There are, of course, all kinds of violence in the movies. There is killing as ballet in Butch Cassidy and the Sundance Kid, killing as opera in The Godfather III; the Toys-R-Us stuff of the Schwarzenegger films; the let’s-rub-their-noses-in-it line of Point Blank and other hard crime movies; the let’s-show-how-tough-we-are posture of films like Miller’s Crossing; the eager voyeurlence of Reservoir Dogs and its friends; the let’s-enrage-the-old-folks gesture of dozens of middling creepies; the sheer, dripping nastiness of many horror movies, designed for those who like to feel ill in the cinema. All this is sociologically significant, no doubt, and should be defended against the growling moralists, because we need the freedom to play in fiction with what scares us in fact. But it’s quite different from the long movie tradition of licensed or at least acceptable violence, the violence that the mildest of us used to hanker for. It’s not that Dirty Harry, say, had a heart; we never thought of him as our friend. But he had a mind and a history; his violent proceedings invited questions even as they offered answers we didn’t want to hear. Eastwood, in fact, as the most bankable and enduring Hollywood star of the last twenty years, is the perfect guide to these troubled territories. Off screen, he is elusive and ironic, intelligent but not much given to analysis. ‘Let’s not overthink this,’ is one of his favourite phrases. On screen, he’s still pretty laconic, but we have time to watch him, and we have his work as a director to look at too. He becomes an intricate, compact piece of movie history. He shows us how a certain kind of violence surfaced in the late Sixties and stayed with us until recently; what its famous, dry-eyed, edgy confidence looked like before it fell into the soggy swamps of apology.

Eastwood was a long time getting started in films. He did all the legendary odd jobs future stars are always supposed to have done – lifeguard, lumberjack, gas station attendant. He got a few bit parts: an anonymous Saxon in Lady Godiva of Coventry, a baffled lab technician in Revenge of the Creature. One or two of the characters he played actually had names, but it was small-time stuff, and Eastwood said of Ambush at Cimarron Pass that it was ‘even worse than the title’. Then for eight years he was Rowdy Yates in Rawhide and was discovered by Sergio Leone, supposedly because James Coburn didn’t want the job and everyone else was too expensive. Back in America after making three Italian films (in Spain), Eastwood founded his own company, Malpaso, in 1968, and has kept his independence, and a reputation for working quickly and for making expensive-looking films at a reasonable cost. He has directed 16 movies and starred in 37. Not all his films make money, but some of them make a lot, so he can afford to experiment. His comedies, Every Which Way But Loose, Any Which Way You Can, are likeable, particularly in their depiction of Eastwood’s relations with his orang-utang co-star; and his excursions into biography, Bird and White Hunter, Black Heart, are brave if lumbering. But what makes and keeps him a star, as actor and director, is a certain intimacy with screen violence, or with ways of representing violence. His Westerns and his cop movies are what continue to matter, and they provide the central features of his film identity – those works and his first film as a director, Play Misty for Me, a disturbing little story about what Eastwood calls ‘suffocation’.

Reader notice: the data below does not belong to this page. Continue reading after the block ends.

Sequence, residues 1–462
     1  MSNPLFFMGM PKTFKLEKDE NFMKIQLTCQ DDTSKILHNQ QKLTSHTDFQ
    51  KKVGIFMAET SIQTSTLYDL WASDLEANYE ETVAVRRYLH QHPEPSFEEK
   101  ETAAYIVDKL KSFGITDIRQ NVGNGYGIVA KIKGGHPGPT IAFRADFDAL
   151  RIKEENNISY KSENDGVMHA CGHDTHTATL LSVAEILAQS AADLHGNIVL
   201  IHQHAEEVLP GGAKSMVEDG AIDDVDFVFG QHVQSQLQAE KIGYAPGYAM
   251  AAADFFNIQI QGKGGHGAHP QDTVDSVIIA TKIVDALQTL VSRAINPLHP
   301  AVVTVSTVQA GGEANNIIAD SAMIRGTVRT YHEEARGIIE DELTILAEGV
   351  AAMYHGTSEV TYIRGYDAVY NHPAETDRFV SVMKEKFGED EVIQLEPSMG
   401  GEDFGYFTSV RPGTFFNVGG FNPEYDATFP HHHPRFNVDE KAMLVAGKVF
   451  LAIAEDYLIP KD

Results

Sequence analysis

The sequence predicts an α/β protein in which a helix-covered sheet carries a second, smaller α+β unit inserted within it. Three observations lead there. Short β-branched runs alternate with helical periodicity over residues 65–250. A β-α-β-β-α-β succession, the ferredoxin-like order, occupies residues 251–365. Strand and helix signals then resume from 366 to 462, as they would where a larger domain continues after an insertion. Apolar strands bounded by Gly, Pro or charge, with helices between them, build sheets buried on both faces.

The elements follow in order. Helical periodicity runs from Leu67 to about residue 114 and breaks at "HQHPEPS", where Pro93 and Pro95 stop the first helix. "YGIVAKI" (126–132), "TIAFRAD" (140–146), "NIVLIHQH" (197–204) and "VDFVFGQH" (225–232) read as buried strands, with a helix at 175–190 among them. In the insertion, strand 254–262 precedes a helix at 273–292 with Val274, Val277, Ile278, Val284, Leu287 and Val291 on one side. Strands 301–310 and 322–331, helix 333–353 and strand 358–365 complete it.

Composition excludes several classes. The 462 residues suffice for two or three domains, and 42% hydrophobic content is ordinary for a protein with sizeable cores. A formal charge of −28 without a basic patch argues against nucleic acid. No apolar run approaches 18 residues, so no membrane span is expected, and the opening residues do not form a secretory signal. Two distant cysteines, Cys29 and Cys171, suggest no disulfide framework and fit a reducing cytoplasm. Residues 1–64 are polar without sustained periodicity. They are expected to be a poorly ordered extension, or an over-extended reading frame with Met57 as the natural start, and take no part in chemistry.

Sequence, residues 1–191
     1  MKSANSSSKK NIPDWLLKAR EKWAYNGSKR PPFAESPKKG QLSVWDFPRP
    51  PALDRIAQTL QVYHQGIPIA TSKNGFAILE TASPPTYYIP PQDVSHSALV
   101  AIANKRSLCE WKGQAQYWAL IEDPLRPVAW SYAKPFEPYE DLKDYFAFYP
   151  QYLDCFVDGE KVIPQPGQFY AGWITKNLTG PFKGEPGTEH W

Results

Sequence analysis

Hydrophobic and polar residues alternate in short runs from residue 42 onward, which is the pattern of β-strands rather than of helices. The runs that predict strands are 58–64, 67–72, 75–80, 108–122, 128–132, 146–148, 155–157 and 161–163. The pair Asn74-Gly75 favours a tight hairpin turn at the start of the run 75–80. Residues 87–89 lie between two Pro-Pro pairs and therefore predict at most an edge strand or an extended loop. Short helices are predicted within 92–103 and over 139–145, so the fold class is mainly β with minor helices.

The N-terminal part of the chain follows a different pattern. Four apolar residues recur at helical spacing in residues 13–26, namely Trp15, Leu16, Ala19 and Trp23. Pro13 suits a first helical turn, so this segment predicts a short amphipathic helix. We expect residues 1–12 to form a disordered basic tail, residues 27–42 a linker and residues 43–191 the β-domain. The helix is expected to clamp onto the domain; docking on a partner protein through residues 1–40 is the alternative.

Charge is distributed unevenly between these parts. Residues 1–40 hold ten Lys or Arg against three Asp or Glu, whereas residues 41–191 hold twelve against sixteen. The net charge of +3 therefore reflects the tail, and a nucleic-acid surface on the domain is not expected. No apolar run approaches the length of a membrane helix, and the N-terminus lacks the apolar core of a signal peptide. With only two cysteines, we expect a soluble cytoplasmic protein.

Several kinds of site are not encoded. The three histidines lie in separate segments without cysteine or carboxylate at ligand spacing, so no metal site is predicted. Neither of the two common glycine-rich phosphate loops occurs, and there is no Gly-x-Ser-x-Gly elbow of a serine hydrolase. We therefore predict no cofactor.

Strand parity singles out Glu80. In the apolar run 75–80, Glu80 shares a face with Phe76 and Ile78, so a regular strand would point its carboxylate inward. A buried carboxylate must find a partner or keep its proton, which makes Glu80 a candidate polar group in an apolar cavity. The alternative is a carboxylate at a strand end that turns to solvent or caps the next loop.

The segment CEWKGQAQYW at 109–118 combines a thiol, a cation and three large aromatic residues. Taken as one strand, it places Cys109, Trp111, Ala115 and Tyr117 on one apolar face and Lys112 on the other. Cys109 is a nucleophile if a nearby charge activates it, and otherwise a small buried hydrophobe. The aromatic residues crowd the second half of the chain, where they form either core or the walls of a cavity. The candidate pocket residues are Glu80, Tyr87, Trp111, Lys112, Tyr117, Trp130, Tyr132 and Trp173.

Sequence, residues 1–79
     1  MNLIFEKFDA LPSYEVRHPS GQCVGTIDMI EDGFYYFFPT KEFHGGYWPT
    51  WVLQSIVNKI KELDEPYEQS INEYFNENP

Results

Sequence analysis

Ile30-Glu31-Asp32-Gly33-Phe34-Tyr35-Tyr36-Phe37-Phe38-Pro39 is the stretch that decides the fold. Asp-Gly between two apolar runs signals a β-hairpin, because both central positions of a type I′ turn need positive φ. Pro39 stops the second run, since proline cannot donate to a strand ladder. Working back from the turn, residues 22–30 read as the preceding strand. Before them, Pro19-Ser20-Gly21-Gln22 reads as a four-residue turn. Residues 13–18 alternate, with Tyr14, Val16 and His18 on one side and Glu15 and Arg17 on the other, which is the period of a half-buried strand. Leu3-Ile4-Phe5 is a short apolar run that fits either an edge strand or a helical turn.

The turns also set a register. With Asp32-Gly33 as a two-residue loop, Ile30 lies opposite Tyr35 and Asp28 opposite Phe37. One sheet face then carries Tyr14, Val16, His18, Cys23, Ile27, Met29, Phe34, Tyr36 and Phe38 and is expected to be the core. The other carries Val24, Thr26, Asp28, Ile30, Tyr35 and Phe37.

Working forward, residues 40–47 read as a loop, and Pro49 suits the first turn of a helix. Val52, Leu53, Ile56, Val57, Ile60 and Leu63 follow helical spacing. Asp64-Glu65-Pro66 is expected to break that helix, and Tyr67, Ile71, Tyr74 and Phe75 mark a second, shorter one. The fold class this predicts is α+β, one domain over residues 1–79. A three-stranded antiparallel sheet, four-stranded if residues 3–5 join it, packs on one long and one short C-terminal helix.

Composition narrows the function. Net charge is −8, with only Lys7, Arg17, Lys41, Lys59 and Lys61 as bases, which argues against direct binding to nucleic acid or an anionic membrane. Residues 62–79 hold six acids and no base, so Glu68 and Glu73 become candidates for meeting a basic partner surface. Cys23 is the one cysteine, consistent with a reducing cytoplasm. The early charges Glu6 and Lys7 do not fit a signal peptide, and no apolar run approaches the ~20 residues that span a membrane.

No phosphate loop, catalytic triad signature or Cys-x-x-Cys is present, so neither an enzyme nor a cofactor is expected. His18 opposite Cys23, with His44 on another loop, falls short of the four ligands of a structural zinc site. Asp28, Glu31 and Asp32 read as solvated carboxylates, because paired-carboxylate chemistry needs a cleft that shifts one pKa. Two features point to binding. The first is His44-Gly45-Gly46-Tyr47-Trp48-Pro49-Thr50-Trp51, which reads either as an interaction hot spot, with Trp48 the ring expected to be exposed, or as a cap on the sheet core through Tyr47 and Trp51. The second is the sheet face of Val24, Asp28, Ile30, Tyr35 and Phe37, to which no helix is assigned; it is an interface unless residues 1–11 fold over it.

The Eastwood character, whether in the Old West or in contemporary San Francisco, is as tough as they come, of course, and quite as tough as he looks; but the performances have an angle and a distance, even a muffled quirkiness, which makes them quite different from those of Charles Bronson or Bruce Willis in similar stories. Audiences, I suspect, picked up on this without thinking much about it, so that it became part of the public perception of the Eastwood character, a sort of submerged joke not about violence as a social reality but about movie violence, about imaginary violence as a solution to real problems. More than that of any other contemporary actor or actress, Eastwood’s fictional identity is caught up in his one-liners. It’s as if Bogart were to make a career out of muttering, ‘Play it, Sam.’ Eastwood says, ‘Make my day,’ or, ‘You gotta ask yourself one question, Do I feel lucky?’ He says, ‘Dyin’ ain’t much of a livin’, boy,’ or ‘We’ve all got it comin’ to us, kid.’ Eastwood is now inclined to underplay these lines – ‘I really got sick of hearing it,’ he says of ‘Make my day.’ ‘Saying smart lines and wiping out tons of people’, as he piously put it in Rolling Stone, is something ‘for the newer guys on the scene’. But Harry’s smart lines weren’t only smart, and he didn’t, as it happens, wipe out tons of people. His gags and slogans made him popular but they also made him complicated. They suggested, among other things, that wisecracks were wonderful but not enough; they were themselves a social symptom, arising from the world of violence rather than providing a detached commentary on it.